COVID 19Hot Off The PressNews

Upon requests for urgent listing of cases having been made telephonically to Registrar of this Appellate Tribunal from various persons, who were unable to physically file the same on account of complete lockdown declared by Government with effect from 25th March, 2020.

In view of the above, Bench comprising of Justice Bansi Lal Bhat (Actg. Chairperson) and Justice Anant Bijay Singh] Member (Judicial) and Dr Ashok Kumar Mishra] Member (Technical) takes suo moto cognizance of the unprecedented situation arising out of spread of COVID19 virus declared a pandemic.

Having regard to the hardships being faced by various stakeholders as also the legal fraternity, which go beyond filing of Appeals/ cases, which has already been taken care of by the Hon’ble Apex Court by extending the period of limitation with effect from 15th March, 2020 till further order/s in terms of order dated 23rd March, 2020 in Suo Motu Writ Petition (Civil) No(s).03/2020, inasmuch as certain steps required to be taken by various Authorities under Insolvency and Bankruptcy Code, 2016 or to comply with various provisions and to adhere to the prescribed timelines for taking the ‘Resolution Process’ to its logical conclusion in order to obviate and mitigate such hardships, this Appellate Tribunal in exercise of powers conferred by Rule 11 of National Company Law Appellate Tribunal Rules, 2016 r/w the decision of this Appellate Tribunal rendered in “Quinn Logistics India Pvt. Ltd. v. Mack Soft Tech Pvt. Ltd. in Company Appeal (AT) (Insolvency) No.185 of 2018” decided on 8th May, 2018 do hereby order as follows: –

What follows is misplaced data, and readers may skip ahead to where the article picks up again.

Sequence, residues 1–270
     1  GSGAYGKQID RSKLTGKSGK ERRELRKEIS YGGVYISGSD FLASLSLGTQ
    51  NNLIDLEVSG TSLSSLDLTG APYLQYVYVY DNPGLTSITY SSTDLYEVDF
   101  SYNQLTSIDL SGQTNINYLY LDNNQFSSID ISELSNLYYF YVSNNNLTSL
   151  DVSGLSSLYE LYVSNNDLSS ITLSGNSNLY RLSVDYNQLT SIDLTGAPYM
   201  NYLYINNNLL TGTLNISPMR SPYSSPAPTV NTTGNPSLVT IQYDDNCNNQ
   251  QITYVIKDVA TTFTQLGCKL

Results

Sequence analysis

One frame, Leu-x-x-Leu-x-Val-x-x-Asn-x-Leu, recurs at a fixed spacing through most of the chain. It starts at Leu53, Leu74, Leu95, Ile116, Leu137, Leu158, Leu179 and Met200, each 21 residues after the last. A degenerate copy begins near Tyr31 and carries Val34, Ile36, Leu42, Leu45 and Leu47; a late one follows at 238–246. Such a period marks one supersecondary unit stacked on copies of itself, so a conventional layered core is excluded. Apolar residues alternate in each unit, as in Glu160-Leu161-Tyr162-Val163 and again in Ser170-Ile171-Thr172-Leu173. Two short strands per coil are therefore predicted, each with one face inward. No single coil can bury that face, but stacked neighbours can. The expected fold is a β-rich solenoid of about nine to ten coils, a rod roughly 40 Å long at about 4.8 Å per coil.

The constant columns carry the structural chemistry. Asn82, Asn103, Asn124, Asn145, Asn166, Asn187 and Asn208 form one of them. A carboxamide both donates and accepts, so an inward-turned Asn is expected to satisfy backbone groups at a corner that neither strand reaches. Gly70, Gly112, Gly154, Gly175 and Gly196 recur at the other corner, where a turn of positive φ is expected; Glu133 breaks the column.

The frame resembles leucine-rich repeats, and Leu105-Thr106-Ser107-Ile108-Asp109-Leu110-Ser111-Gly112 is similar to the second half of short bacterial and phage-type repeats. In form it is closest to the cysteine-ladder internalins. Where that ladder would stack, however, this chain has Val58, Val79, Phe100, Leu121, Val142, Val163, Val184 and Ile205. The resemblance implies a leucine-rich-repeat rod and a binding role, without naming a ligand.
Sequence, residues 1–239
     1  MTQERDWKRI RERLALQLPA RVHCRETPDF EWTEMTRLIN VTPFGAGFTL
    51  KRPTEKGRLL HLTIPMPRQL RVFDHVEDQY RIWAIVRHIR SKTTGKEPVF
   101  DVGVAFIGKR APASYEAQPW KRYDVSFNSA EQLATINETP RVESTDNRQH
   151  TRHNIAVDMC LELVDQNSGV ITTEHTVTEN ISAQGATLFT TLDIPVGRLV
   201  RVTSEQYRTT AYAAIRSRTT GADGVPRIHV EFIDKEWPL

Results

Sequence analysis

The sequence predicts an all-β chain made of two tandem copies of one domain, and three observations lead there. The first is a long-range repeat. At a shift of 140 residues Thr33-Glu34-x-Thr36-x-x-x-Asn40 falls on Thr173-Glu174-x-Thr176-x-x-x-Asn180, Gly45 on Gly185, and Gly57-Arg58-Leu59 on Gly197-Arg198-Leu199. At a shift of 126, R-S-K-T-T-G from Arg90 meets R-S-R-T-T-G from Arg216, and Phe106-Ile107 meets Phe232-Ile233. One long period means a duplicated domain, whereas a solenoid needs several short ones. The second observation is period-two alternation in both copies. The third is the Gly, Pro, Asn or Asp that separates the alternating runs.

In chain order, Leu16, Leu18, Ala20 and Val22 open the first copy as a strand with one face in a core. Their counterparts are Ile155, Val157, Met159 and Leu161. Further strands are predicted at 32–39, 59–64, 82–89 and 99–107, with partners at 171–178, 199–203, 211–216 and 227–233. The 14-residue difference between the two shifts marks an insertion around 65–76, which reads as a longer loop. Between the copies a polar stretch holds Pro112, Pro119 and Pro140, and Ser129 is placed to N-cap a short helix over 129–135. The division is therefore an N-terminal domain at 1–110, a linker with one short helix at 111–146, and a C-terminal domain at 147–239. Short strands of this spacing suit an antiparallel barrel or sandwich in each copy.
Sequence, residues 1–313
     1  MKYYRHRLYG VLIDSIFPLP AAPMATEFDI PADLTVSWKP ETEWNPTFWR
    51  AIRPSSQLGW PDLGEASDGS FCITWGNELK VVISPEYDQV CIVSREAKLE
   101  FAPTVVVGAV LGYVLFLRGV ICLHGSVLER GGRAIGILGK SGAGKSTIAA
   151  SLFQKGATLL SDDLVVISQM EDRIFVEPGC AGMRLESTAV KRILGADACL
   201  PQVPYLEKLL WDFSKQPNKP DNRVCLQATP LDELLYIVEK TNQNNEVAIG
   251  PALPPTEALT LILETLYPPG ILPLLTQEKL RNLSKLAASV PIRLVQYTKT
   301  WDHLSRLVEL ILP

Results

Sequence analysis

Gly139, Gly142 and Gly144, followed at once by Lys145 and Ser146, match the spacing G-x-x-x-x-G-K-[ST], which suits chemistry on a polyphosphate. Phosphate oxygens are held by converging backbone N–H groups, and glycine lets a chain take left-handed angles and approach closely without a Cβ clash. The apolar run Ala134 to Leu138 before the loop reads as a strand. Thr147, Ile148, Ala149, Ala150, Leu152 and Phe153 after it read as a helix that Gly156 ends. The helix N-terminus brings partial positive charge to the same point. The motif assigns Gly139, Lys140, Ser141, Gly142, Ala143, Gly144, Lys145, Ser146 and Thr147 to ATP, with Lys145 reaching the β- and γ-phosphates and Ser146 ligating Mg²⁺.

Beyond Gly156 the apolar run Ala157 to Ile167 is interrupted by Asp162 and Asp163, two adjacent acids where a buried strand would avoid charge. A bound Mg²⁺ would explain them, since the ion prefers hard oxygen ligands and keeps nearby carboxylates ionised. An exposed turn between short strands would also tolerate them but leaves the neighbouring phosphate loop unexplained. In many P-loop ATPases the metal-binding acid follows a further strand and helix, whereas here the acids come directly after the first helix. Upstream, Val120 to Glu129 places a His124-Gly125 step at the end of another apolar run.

(1) That the period of lockdown ordered by the Central Government and the State Governments including the period as may be extended either in whole or part of the country, where the registered office of the Corporate Debtor may be located, shall be excluded for the purpose of counting of the period for ‘Resolution Process under Section 12 of the Insolvency and Bankruptcy Code, 2016, in all cases where ‘Corporate Insolvency Resolution Process’ has been initiated and pending before any Bench of the National Company Law Tribunal or in Appeal before this Appellate Tribunal.

(2) It is further ordered that any interim order/ stay order passed by this Appellate Tribunal in anyone or the other Appeal under Insolvency and Bankruptcy Code, 2016 shall continue till next date of hearing, which may be notified later.

The above order is to be circulated to all all benches of NCLT, New Delhi.

In Re Competition Act, 2002, this Appellate Tribunal do hereby order as follows: –

(1) That interim direction / stay order passed in all competition Appeals shall continue until further order.